Can I Exercise with Plantar Fasciitis?
Plantar fascia friendly exercise
A commonly reported complaint from patients is that they cannot exercise due to their pain which contributes to weight gain. As being overweight has been identified as a risk factor for plantar fasciitis this causes a significant problem. There is a general consensus amongst health professionals that running is one of the worst exercises for aggravating plantar fasciitis. This is believed to be partly down to the high impact nature of running where the heel strikes the ground with a high magnitude of force along with the high levels of tensile stress placed on the plantar fascia to perform the biomechanical movement of running. So what exercisese can you do to help you lose weight without making your heel pain worse?
Patients that are wanting to exercise to keep up fitness levels or to lose weight whilst suffering from plantar fasciitis should try alternative exercises which do not aggravate plantar fasciitis or cause pain. Whilst this seems like common sense it is surprising how many patients are not aware of the potential delay in recovery they are causing when running and are unaware of safer and more suitable alternative exercises. Generally, lower impact exercise is usually less harmful such as:
Cycling - This is a low impact exercise. There is no weight directly placed on the heel minimising compressive stress over the plantar fascia. Cycling usually results in tightening of the calf muscles due to the repetitive concentric contraction of the calf muscles which can make plantar fasciitis worse, therefore it is important to stretch the calves thoroughly after cycling to minimise the negative effects of increased calf muscle tension.
Rowing - This is a low impact exercise and a good alternative exercise to running. Most gyms have indoor rowing machines. In terms of cardiovascular intensity, rowing is one of best exercises for increasing cardiovascular fitness and burning calories.
Cross trainer - this is a popular alternative to running and is a relatively low impact exercise. There is less impact placed directly on the heel during the elliptical motion on the cross trainer and therefore does not often cause aggravation of the plantar fascia. However, it is common for the back heel lift during forward motion via ankle plantarflexion which results in increased tensile loading of the plantar fascia and in some people this can aggravate their plantar fasciitis symptoms. If this is the case you should discontinue this exercise until a time when you can do it without pain.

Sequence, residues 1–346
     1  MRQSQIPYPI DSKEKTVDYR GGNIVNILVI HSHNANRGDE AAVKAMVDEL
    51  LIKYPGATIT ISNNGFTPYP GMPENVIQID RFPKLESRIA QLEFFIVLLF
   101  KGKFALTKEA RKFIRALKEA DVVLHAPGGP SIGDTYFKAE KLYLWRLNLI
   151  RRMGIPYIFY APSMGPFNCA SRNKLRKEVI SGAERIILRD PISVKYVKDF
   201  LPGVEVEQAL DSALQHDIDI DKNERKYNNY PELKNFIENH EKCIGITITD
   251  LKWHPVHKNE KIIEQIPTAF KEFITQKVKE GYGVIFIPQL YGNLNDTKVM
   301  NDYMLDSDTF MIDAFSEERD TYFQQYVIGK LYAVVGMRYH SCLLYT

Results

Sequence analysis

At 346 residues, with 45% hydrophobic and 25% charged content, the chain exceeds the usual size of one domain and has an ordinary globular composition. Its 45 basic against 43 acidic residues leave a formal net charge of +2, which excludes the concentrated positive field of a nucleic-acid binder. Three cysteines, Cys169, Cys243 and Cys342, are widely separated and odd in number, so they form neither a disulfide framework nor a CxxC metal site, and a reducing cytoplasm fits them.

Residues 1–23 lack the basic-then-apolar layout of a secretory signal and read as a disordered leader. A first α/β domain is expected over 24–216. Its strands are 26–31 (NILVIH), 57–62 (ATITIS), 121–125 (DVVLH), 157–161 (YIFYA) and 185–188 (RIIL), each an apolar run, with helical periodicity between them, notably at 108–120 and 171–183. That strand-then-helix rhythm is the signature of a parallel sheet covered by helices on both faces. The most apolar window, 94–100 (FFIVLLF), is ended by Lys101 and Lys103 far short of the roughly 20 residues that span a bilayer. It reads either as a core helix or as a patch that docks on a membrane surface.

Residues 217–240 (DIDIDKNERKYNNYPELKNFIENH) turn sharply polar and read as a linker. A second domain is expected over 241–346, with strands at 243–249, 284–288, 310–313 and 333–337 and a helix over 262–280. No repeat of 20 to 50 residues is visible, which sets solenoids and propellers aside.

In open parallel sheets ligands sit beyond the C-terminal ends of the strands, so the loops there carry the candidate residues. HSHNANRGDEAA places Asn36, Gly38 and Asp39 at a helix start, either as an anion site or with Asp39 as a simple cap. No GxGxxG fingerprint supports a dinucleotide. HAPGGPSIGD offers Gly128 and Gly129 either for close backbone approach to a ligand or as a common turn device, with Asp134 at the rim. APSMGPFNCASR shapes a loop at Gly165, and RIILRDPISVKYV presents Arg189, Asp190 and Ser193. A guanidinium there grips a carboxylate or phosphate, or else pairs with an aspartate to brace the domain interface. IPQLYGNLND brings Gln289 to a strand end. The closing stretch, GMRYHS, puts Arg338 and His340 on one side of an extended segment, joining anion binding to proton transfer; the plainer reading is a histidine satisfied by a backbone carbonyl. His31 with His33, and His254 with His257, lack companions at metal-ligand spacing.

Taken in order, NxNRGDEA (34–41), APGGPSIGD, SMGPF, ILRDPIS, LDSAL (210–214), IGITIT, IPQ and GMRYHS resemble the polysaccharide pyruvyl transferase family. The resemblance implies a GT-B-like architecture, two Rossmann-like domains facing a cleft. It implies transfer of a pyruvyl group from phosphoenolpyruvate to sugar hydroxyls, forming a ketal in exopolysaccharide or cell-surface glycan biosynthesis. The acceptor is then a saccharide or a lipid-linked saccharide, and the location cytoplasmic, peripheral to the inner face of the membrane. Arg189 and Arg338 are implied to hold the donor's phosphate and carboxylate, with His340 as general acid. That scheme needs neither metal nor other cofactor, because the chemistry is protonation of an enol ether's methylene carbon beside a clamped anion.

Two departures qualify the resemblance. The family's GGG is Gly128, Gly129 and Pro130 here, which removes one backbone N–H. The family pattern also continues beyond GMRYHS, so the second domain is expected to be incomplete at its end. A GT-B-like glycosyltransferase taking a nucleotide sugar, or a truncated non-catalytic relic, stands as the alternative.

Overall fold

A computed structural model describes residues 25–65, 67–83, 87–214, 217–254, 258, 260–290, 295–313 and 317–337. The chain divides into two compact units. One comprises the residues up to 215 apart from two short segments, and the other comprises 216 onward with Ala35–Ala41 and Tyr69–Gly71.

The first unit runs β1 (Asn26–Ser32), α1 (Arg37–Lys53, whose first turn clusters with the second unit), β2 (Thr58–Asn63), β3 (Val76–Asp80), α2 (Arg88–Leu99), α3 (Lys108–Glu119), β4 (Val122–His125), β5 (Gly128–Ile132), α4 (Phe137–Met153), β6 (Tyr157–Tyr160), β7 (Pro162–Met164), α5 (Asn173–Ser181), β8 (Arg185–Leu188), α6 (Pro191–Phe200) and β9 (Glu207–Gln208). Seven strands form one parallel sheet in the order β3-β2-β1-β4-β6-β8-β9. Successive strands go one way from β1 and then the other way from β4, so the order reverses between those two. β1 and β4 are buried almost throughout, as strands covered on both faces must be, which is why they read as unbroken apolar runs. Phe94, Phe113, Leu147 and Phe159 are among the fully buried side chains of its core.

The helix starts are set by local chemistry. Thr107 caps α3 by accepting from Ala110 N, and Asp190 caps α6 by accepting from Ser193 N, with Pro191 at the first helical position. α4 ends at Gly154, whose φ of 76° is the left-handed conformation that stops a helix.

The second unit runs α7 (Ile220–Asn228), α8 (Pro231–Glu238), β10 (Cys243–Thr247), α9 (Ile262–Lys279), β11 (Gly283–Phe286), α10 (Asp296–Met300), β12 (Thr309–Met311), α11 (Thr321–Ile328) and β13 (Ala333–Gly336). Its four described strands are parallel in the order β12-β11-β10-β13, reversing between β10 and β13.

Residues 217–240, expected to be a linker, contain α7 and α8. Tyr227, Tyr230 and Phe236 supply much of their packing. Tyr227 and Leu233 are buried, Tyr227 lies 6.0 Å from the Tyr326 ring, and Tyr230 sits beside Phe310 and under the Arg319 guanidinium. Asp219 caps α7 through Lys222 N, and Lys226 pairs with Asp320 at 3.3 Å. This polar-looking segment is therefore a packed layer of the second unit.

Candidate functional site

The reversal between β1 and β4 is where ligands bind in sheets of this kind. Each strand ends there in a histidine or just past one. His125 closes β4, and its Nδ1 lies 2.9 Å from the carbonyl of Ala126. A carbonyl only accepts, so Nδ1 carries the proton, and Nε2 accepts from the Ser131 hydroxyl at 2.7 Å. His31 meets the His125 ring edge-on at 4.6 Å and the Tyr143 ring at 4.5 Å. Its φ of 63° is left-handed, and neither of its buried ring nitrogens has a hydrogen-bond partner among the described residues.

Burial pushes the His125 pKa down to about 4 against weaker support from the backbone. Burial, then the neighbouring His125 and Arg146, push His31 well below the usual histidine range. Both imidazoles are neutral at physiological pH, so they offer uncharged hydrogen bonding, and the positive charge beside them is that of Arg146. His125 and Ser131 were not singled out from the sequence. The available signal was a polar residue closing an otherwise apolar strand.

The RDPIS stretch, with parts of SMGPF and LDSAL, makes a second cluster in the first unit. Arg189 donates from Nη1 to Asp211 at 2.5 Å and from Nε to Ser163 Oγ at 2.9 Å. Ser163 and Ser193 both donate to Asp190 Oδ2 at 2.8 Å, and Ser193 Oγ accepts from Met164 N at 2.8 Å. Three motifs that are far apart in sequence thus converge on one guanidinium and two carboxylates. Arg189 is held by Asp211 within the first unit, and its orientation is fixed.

Swimming - I have not heard of a case where a patient's plantar fasciitis symptoms have worsened due to swimming. As one is barefoot during swimming the foot is entirely unrestricted in its movements. The water provides a low level of resistance to fine muscle movements in the feet which may strengthen the foot muscles. This is why people often report cramping in the feet during and shortly after swimming, since the foot muscles are working exceptionally harder than they usually do and functioning in a different way, leading to fatigue and cramping. This is unlikely to have any negative effects on plantar fasciitis and there is some early stage evidence currently to suggest the importance of strong foot muscles in treating plantar fasciitis.
So if you want to keep active and exercise whilst suffering with plantar fasciitis, then try out the exercises above.
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